It is Black history month so here take a little Blackity Black Black ghost story. Written using my fave prompr book no seriously get it. Instigation: Creative Prompts on the Dark Side.
Now here we go. Unedited and hot n fresh.
Begin a story with the line, “It was when I died that….”
It was when I died that I understood what Nana had meant by, get free at all costs. When I was a baby, everyone said I was her spitting image. Same big black eyes, same crooked right eyebrow, same deep brown skin and as I got older the same stank ass attitude and habitual resting bitch face. There was a picture of the two of us, I think I was four and we both had the evilest expressions. It was my favorite photo.
Mama said that we were one soul in two bodies like twins separated by time and blood. Nana used to like to take walks at night, the street dudes always spoke so nicely to her. She took me on occasion when I couldn’t sleep, we were both nighttime babies. The first time I was about ten and it was the kind of hot dank night nobody really sleeps very well, we wore almost matching housedresses, she held my hand and we shuffled along together in the deep of the night.
“Nana, what time is it?” She checked her watch, “it us 2:57 AM. You know what they call 3 AM?” I couldn’t stop staring around, I never got to see our neighborhood at rest. Even the various houseless folks, pimps and hang rounds had gone to bed. I was fascinated by the quiet, I stopped and pointed at shiny eyes peering at us from under a porch. “Nana, what is that under there?” She looked and reached into her purse, she tossed crackers into the yard and a plump opossum waddled out to her bounty. “Look, she got babies.”
Many nights we walked together that way. We fed the raccoons, opossums and ne’er-do-wells. I loved how even the hardest dudes were so soft and deferential to her. “Hey Mrs. Gennessee. Hello Nina.” I remember one of them, Nana and I called him Walter, everyone else called him Big Money. “Hi Walter. How are you?” He like most of the guys never quite met my eyes, he held his hat in his hands and fidgeted like a child. “I’m good Miss Nina. I um, here.”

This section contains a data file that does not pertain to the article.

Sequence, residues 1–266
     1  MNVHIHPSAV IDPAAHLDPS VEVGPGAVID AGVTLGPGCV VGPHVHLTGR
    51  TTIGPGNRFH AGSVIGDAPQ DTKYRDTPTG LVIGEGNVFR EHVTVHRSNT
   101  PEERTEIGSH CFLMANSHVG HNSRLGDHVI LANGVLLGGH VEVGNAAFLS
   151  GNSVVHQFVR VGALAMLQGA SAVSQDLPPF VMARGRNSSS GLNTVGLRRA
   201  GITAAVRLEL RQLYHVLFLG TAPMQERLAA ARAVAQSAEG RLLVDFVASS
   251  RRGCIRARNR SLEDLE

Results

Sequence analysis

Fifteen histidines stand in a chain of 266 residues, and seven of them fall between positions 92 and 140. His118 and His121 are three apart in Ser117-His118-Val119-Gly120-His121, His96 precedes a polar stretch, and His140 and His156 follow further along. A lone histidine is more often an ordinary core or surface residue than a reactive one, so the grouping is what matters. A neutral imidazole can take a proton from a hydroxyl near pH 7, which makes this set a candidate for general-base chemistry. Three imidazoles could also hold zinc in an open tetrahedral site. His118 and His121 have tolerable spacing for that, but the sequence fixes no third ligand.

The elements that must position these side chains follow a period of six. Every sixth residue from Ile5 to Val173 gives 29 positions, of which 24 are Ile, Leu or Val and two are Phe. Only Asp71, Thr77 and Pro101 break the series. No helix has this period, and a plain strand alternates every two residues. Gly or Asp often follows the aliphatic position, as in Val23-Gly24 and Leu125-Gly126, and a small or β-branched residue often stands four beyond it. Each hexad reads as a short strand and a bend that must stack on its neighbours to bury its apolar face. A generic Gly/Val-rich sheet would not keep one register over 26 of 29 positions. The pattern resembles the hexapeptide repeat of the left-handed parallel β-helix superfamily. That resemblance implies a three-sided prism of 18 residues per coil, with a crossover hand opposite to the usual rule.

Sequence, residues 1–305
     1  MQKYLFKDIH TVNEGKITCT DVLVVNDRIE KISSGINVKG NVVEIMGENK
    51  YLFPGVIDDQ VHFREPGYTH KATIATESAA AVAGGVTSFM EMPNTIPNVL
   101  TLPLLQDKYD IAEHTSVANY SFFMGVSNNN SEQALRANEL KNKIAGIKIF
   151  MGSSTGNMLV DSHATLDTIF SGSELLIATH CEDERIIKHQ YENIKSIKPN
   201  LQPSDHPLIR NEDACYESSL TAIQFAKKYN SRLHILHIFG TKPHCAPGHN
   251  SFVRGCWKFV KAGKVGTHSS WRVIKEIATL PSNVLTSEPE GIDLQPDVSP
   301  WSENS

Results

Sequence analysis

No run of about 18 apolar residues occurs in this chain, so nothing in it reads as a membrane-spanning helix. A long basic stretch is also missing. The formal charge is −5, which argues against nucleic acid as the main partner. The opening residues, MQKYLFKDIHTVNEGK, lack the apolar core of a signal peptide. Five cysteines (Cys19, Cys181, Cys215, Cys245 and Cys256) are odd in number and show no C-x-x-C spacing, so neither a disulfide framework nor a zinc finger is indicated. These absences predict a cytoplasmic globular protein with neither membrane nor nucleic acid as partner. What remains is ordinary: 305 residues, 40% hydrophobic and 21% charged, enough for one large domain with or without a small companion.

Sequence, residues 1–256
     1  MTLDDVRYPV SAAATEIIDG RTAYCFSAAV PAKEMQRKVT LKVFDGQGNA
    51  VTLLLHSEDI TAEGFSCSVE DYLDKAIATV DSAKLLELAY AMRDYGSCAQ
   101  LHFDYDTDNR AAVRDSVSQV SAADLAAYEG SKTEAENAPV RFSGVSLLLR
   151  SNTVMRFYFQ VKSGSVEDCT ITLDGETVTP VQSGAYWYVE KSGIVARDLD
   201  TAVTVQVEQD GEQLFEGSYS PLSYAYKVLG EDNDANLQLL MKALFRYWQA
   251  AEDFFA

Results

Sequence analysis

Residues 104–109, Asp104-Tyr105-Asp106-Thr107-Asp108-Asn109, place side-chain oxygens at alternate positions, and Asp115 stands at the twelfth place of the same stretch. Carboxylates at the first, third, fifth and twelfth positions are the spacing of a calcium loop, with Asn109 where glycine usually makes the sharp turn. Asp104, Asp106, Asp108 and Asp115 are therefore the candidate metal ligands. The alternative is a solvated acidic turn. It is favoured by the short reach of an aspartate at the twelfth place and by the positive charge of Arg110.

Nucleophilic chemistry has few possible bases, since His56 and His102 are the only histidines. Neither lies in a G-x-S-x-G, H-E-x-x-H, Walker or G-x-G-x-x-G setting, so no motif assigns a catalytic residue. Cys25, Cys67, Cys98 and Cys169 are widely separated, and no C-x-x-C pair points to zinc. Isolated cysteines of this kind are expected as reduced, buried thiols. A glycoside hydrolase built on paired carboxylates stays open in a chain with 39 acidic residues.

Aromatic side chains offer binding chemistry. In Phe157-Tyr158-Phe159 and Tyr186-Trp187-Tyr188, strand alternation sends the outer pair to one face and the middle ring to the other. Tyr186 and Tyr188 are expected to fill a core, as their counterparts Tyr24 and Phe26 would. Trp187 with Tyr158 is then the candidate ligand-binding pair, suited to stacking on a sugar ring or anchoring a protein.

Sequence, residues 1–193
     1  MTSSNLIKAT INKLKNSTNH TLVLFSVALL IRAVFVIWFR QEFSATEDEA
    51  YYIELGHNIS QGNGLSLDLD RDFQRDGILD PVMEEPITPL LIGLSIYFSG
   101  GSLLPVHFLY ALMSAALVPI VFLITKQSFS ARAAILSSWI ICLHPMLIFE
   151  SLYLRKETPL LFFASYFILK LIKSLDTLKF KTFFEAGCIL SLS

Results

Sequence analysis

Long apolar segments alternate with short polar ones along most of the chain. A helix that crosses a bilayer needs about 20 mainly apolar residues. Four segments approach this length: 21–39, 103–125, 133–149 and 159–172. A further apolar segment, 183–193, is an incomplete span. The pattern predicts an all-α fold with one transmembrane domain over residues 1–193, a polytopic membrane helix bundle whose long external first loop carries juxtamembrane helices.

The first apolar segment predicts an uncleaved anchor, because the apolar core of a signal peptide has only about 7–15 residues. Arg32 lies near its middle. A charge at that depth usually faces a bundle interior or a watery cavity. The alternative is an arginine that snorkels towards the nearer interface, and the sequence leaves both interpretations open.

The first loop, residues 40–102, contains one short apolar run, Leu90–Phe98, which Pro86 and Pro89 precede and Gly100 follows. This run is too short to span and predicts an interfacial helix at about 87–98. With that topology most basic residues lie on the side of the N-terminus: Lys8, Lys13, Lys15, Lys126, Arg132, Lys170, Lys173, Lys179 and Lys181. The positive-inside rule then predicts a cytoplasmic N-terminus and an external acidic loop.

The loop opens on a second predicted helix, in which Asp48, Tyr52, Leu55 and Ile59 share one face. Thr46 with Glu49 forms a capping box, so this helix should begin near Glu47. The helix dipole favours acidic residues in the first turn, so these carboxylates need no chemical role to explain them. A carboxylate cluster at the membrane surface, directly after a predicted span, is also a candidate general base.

He thrust a paper bag into my hand and Nana handed him a little old babyfood jar. He took it, gave us a strange, terrified smile and sauntered away as quickly as his manhood would let him. “Nana, that ain’t drugs is it?” I gave her the paper bag and she chuckled. “No, you’ll see. Come on baby let’s go home.” The gangsters always found us, Nana showed me how to make them specific mojo bags and oils they anointed themselves in before they went to war.
When I was 17 at 2:57 AM on February 19th, Nana visited me one last time. I felt her weight on my bed and I pulled her down to cuddle me. “I don’t want you to go. It is our time; Pisces season is just starting.” She held me and stroked my hair; I felt her whisper in my ear. “Freedom. No matter what Nina Simone Gennessee. You hear me?” I turned to put my face in her soft wrinkly neck, I put my hands in her hair like I did when I was a tot and I wanted 2:59 AM to last forever.
After she was gone, my hair started to turn grey. Just a scattering of delicate silver coils just like hers. My ass got wider, I started to limp a little bit and favor carrying great ugly bags that tinkled with jars and mystical nonsense in them. On my 50th birthday, March 10th at 3 AM I stood in front of the house my Nana had been born in.
Long before I was born my Grandfather disappeared. Some said he ran off with a loose woman from down the street, others that he was on the run from the law. But, as I stood there watching the play of shadows on the crumbling walls, I knew. I sprinkled salt and a few other things, I watched the spirit trapped inside the remains of the structure rant and rave. I saw Nana right there on the porch, shotgun in her lap and a cigarette hanging from the corner of her mouth.
When I died, my daughters and granddaughters laid in bed with me. I told them stories, I told my eldest grandbaby, my baby where to find my most secret herbs, recipes and ephemera. And as 3 AM bore down on us, I saw my death and somewhere in the light, ultimate freedom. Before I went, I told my girls like Nana told me.
“Get free baby by any means necessary. Any. Means.”